It hadn't occurred to me that pain IS a trigger.

He said he had a good idea about what medications we could use and not use to sedate me but would check with Dr. Hicks/Dr. Vadas. I told him that Dr. Vadas has a list of medications not tolerated well by Masto. patients. The list comes from Michigan and Dr. Cem Atkin's office. I coudn't find my copy of it (think it might have got left with my Emerg. Room file or Patient File when I was in my local hospital last month for 4 days (well 6 days, if you count the two and half days in and out of Emerg.) So I pulled from the Mastocytosis Society in the USA's website Dr. Maria Castell's Emerg. Protocol for Systemic Mastocytosis and/or Mast Cell Disease and the printout on Anaesthetic on the same webpage. He asked if he could keep them. I said I'd brought them for him. The pages noted their sources. I was relieved he wanted them. He also told me that there's a good chance he won't be my actual Aneasthetist next Tuesday, June 9th, when I have this bone marrow biopsy done, BUT would write a detailed letter outlining what needs to happen with this/with me. He trusts his colleagues implicitly, he said.

It was so nice NOT to have to convince a doctor of the validity of this disease.

I feel so incredibly lucky to be living in Ontario right now, with this care team. St. Michael's Hospital and the University of Toronto have every right to be proud of three of their doctor's. They are doing their best for me. And, Systemic Mastocytosis. I appreciate it.

I was really worried about having this bone marrow biopsy because of what happened with the last one, in October, in Parry Sound. I've written about it in a previous post, so I'll spare you the details. But, I was not looking forward to this test without freezing or painkillers. Wasn't actually sure I would be able to go through with it. I don't say that about much in my life. Never have. But THAT was doing my head in. Dr. Hicks says it would be "inhummane" to do a bone marrow biopsy like that. Dr. Chen said he once had a patient, with Systemic Mastocytosis say that a bone marrow biopsy was like the torture machine on the movie The Princess Bride when Weslely is being, well, tortured and he lets out that primal scream that is the scream to end all screams because it's the cry of man who's lost his true love...THAT is the kind of pain a bone marrow biopsy without freezing, sedation or painkillers is. And even with sedation, Dr. Chen said it would hurt coming out of anaesthetic because there is no freezing in the area. He said that drawing out the bone marrow is like that Princess Bride scream because it's the "core of a person", just like the touch those things is to "mortally touch or wound a person" and it is excrutiating. So, it's going to hurt real bad afterwards so, I'm not to be stoic. No body or emotional stress over pain. He would order epi, benadryl, ranitidine and steroids on order for post procedure too. He knew I would need an iv line for all of that going in. I am to take my ketotifen, cromylyn and meds with the tiniest bit of water and let them do the rest.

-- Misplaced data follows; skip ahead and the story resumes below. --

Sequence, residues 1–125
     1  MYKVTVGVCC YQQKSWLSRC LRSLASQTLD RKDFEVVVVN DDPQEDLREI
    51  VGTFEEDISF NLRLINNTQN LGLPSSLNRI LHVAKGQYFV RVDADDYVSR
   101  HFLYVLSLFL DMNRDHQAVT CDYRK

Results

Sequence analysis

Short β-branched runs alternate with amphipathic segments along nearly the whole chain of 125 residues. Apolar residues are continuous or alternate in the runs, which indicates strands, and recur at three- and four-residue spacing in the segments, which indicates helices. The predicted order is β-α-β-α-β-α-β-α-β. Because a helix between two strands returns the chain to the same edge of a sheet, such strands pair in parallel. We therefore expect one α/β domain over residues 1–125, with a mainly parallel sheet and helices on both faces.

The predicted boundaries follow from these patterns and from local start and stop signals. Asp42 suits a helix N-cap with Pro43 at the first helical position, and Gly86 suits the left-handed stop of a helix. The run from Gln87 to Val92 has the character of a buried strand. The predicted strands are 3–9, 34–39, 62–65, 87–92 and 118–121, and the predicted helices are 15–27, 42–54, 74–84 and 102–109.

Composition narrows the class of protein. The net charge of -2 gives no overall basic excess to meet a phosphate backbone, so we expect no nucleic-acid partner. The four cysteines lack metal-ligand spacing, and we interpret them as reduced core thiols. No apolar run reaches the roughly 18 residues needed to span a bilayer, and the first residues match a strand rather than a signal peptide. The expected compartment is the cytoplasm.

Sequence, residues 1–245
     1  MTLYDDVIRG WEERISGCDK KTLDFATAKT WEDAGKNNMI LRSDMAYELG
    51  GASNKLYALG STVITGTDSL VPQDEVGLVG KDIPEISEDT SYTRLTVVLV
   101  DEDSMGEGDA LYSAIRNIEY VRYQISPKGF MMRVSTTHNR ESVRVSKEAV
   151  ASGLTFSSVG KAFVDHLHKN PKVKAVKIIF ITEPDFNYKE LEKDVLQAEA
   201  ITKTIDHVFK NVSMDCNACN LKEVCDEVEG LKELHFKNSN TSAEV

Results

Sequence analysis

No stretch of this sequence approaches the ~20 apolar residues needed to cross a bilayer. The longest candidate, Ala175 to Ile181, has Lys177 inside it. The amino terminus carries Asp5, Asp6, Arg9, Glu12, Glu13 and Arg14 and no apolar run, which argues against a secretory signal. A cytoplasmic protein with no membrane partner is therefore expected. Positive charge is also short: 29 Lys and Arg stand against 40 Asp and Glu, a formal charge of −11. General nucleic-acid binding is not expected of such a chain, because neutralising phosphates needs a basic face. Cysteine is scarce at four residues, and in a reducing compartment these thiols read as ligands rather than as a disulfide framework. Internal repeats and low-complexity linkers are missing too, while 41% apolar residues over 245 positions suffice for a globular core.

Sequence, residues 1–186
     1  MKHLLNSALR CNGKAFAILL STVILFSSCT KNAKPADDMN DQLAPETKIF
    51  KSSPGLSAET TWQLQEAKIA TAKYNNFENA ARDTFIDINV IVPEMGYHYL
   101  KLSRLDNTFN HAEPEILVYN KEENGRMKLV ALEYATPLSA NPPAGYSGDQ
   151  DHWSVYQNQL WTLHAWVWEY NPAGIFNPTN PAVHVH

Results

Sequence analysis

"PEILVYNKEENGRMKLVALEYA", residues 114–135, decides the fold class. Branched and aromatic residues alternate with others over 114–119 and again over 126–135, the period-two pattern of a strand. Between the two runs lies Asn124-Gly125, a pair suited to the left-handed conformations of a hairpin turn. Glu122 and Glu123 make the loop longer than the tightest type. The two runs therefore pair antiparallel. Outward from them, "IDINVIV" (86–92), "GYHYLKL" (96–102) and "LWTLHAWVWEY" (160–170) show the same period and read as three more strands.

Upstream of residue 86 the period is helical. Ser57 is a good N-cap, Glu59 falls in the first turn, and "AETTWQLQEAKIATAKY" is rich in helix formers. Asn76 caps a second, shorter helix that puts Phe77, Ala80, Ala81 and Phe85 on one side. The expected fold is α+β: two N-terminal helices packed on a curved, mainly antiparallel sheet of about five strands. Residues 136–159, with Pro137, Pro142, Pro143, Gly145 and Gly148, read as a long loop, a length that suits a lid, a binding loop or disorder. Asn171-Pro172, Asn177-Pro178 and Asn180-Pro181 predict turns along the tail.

So...that's the deal. I had intially thought going all the way down to Toronto for a pre-op would be a big waste of time and an emotional drain. It was anything BUT that. The nurses who did my physical were gentle, awesome and incredible (had to get nasal and anal swabs because I've been admitted to a Canadian hospital in the past year...swine & avian flu and SARS...thank you. The nurse gave me the swab and said I could go to the loo and do it myself if I wanted. Yes please. So no embarassment, discomfort or lack of privacy. Thank you.) I walked out of there with a sense of calm and trust. My husband remarked, "that went well." Yes it did. Aside from the anal swab. Yes, it did. Worth the trip.


Faith said...

Really appreciate all you are going through! If not SM, what about Idiopathic Anaphylaxis? Good luck!

Gypsy Princessa said...

I intially went to see Dr. Vadas for IA, but he thinks it's mast cell related. But who knows, it could totally be IA. And then what???

Thanks. It helps to know we aren't floundering out here in left field all alone, eh? Thank GOD for the this respect.

Foxxy One said...

Sweetie - according to Dr. Castells - they are close to a cure. She thinks they will figure this horrible disease in our lifetime.

If you can get to Boston - see her. I really think she could give you some peace of mind.

Faith said...

Just want to add that I'm so happy you were treated so well! You deserve it so very much after all you have been through. I hope it continues!!!!